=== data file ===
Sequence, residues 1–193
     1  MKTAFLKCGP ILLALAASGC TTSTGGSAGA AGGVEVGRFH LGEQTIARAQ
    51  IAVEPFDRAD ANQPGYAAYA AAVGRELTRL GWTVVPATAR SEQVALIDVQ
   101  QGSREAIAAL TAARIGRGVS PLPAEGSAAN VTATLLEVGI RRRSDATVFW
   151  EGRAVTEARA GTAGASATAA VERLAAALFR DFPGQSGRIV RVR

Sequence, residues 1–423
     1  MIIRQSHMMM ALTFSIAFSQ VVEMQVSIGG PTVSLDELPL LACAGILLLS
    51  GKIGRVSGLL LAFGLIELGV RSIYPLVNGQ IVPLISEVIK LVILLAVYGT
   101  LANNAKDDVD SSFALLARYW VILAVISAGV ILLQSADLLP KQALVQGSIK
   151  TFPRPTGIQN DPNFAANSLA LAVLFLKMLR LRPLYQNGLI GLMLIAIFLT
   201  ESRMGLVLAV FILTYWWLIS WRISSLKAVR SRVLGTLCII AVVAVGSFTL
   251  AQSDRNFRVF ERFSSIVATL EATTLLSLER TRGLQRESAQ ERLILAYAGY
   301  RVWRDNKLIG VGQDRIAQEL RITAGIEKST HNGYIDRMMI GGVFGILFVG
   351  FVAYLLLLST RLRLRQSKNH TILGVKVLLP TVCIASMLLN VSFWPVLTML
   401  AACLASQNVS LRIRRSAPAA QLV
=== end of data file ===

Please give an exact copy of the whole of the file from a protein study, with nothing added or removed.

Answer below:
Sequence, residues 1–193
     1  MKTAFLKCGP ILLALAASGC TTSTGGSAGA AGGVEVGRFH LGEQTIARAQ
    51  IAVEPFDRAD ANQPGYAAYA AAVGRELTRL GWTVVPATAR SEQVALIDVQ
   101  QGSREAIAAL TAARIGRGVS PLPAEGSAAN VTATLLEVGI RRRSDATVFW
   151  EGRAVTEARA GTAGASATAA VERLAAALFR DFPGQSGRIV RVR

Sequence, residues 1–423
     1  MIIRQSHMMM ALTFSIAFSQ VVEMQVSIGG PTVSLDELPL LACAGILLLS
    51  GKIGRVSGLL LAFGLIELGV RSIYPLVNGQ IVPLISEVIK LVILLAVYGT
   101  LANNAKDDVD SSFALLARYW VILAVISAGV ILLQSADLLP KQALVQGSIK
   151  TFPRPTGIQN DPNFAANSLA LAVLFLKMLR LRPLYQNGLI GLMLIAIFLT
   201  ESRMGLVLAV FILTYWWLIS WRISSLKAVR SRVLGTLCII AVVAVGSFTL
   251  AQSDRNFRVF ERFSSIVATL EATTLLSLER TRGLQRESAQ ERLILAYAGY
   301  RVWRDNKLIG VGQDRIAQEL RITAGIEKST HNGYIDRMMI GGVFGILFVG
   351  FVAYLLLLST RLRLRQSKNH TILGVKVLLP TVCIASMLLN VSFWPVLTML
   401  AACLASQNVS LRIRRSAPAA QLV